In short, the CERN experiment only tested one-third of one out of four requirements to blame global warming on cosmic rays. Additionally scientists have measured solar activity and the number of cosmic rays reaching Earth, and neither meets the first two requirements listed above.

    Read the whole item, and the "Intermediate" level piece as well if you're interested.
    "Courage is what it takes to stand up and speak; courage is also what it takes to sit down and listen." Winston Churchill
    "nature is like a game of Jenga; you never know which brick you pull out will cause the whole stack to collapse" Lucy Cooke
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  5. #4  
    Forum Radioactive Isotope sculptor's Avatar
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    lady,
    You are aware , of course that after admonishing me to:
    Rather than a newspaper report, listen to the man who ran the CERN experiment, Jasper Kirkby
    then linked to a site that is still only talking about what the cern people actually had to say, and quoted only one sentence at that.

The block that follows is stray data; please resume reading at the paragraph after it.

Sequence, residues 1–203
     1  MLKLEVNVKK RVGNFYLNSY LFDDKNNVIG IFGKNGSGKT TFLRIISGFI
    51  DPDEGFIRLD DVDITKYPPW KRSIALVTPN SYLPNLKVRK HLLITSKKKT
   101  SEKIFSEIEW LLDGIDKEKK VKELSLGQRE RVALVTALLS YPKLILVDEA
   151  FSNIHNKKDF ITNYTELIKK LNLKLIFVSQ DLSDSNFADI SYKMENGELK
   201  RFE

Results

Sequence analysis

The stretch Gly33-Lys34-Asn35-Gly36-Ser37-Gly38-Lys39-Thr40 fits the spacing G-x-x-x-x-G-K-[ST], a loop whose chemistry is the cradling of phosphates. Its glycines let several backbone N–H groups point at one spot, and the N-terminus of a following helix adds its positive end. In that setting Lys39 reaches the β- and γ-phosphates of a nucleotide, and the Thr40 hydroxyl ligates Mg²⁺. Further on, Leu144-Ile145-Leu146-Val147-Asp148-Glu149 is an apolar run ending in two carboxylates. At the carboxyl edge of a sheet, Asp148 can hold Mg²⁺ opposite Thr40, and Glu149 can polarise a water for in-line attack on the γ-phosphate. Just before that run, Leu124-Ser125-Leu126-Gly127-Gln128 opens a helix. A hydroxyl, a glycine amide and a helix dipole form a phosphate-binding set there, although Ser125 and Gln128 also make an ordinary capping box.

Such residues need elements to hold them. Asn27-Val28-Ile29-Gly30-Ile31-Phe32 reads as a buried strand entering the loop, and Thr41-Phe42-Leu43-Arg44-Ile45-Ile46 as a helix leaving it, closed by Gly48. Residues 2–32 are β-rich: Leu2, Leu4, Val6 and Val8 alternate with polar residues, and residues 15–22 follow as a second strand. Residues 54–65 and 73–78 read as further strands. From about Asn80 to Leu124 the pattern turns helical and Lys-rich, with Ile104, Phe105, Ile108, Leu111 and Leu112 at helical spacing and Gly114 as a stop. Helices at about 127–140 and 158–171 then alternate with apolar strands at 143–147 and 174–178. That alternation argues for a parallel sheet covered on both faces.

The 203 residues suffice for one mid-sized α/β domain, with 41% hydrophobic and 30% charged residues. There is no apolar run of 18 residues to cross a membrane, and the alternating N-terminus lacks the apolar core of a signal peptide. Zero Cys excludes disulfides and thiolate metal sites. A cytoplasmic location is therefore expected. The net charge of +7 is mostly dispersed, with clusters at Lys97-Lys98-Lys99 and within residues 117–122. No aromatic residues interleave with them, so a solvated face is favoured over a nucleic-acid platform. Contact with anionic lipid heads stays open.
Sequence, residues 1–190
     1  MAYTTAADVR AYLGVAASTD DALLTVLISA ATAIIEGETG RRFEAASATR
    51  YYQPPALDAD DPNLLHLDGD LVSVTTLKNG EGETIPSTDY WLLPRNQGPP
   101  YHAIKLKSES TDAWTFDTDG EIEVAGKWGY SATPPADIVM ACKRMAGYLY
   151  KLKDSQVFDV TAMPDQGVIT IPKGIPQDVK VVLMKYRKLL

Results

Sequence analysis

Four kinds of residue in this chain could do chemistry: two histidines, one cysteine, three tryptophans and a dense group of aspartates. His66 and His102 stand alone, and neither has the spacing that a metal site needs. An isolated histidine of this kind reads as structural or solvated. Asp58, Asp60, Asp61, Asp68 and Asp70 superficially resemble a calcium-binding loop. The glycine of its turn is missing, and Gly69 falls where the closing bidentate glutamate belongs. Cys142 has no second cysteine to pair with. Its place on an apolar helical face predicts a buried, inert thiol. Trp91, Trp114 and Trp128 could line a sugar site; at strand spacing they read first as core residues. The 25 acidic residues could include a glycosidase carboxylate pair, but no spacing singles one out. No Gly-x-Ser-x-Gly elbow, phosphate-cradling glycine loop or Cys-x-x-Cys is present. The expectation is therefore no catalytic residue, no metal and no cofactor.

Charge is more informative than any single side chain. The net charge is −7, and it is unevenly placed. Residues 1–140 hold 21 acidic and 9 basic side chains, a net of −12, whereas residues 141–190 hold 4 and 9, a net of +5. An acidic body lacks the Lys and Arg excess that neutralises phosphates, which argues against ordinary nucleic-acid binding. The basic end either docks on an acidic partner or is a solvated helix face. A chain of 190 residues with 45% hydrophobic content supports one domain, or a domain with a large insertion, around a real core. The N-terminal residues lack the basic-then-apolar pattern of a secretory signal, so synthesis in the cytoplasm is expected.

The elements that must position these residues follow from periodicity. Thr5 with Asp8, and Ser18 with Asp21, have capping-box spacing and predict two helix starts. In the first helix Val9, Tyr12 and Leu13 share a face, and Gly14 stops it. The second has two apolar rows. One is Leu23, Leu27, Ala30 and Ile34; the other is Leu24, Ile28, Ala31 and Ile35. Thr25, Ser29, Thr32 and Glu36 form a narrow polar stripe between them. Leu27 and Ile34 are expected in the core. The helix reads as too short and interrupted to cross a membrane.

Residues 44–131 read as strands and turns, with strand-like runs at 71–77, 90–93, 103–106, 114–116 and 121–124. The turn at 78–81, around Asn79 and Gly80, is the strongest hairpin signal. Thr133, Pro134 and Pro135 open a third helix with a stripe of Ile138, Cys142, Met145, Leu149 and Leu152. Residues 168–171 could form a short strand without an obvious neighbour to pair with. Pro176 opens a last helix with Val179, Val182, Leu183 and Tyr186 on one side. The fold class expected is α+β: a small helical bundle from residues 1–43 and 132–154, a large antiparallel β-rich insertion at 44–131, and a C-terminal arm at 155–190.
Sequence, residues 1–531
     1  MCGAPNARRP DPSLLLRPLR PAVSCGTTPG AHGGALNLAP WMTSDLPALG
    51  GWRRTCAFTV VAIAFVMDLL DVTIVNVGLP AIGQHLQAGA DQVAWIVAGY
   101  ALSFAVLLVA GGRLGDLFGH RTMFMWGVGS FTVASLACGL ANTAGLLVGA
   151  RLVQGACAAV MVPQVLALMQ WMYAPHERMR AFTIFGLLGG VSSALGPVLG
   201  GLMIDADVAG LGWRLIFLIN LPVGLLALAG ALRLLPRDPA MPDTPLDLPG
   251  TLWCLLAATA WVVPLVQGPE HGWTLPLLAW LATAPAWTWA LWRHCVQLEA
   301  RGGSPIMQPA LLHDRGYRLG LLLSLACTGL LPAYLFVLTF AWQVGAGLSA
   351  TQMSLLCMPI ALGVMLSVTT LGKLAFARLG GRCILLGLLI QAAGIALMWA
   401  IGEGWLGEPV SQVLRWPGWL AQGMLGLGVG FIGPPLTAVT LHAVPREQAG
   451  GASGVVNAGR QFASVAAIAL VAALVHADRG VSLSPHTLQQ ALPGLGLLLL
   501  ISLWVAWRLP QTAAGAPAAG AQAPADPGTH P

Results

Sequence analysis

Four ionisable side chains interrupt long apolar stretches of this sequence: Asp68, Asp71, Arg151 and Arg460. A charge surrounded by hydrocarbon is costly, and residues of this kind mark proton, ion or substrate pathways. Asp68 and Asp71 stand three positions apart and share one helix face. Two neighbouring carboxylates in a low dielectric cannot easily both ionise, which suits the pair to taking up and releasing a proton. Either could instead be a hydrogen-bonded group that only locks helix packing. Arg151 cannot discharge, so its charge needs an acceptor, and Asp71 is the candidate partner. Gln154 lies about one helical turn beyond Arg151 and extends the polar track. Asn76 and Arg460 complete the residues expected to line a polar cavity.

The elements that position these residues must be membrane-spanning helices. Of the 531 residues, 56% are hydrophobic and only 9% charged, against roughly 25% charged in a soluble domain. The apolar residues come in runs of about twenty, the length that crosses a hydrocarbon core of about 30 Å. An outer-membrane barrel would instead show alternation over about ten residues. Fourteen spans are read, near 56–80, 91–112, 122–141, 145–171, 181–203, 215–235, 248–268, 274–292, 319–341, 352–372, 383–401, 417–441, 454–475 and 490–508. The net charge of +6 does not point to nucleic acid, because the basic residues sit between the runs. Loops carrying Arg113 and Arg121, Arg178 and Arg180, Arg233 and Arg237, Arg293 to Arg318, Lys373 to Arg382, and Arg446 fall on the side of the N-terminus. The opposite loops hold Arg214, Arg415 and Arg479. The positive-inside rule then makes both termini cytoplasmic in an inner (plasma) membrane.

....
    the reason I linked the above was as an addendum to zin's above link

    ............
    edit: epimetheus:
    it is 20 degrees (F) below normal here today, and has been for most days since early january
    ...........
    "c'm on global warming"
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  6. #5  
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    There's been observational studies of Cosmic Rays and Cloud which show no relationship:
    "Currently a cosmic ray cloud connection (CRC) hypothesis is subject of an intense controversial debate. It postulates that galactic cosmic rays (GCR) intruding the Earth's atmosphere influence cloud cover. If correct it would have important consequences for our understanding of climate driving processes. Here we report on an alternative and stringent test of the CRC-hypothesis by searching for a possible influence of sudden GCR decreases (so-called Forbush decreases) on clouds. We find no response of global cloud cover to Forbush decreases at any altitude and latitude." (emphasis bold added)
    Sudden cosmic ray decreases: No change of global cloud cover - Calogovic - 2010 - Geophysical Research Letters - Wiley Online LibraryIn order to work cosmic rays not only have to produce aerosols, but have to make the right type where they'd actually make a difference. For example, most of the lower atmosphere has sufficient cloud condensation nuclei to start condensation (aka clouds) near the standard 100% relative humidity--adding more won't make much difference. If, however, there are frozen nuclei which are often in short supply, you might produce frozen droplets instead of supercooled liquid droplets, release more energy (from fusion) and initiate precipitation (the same process as cloud seeding).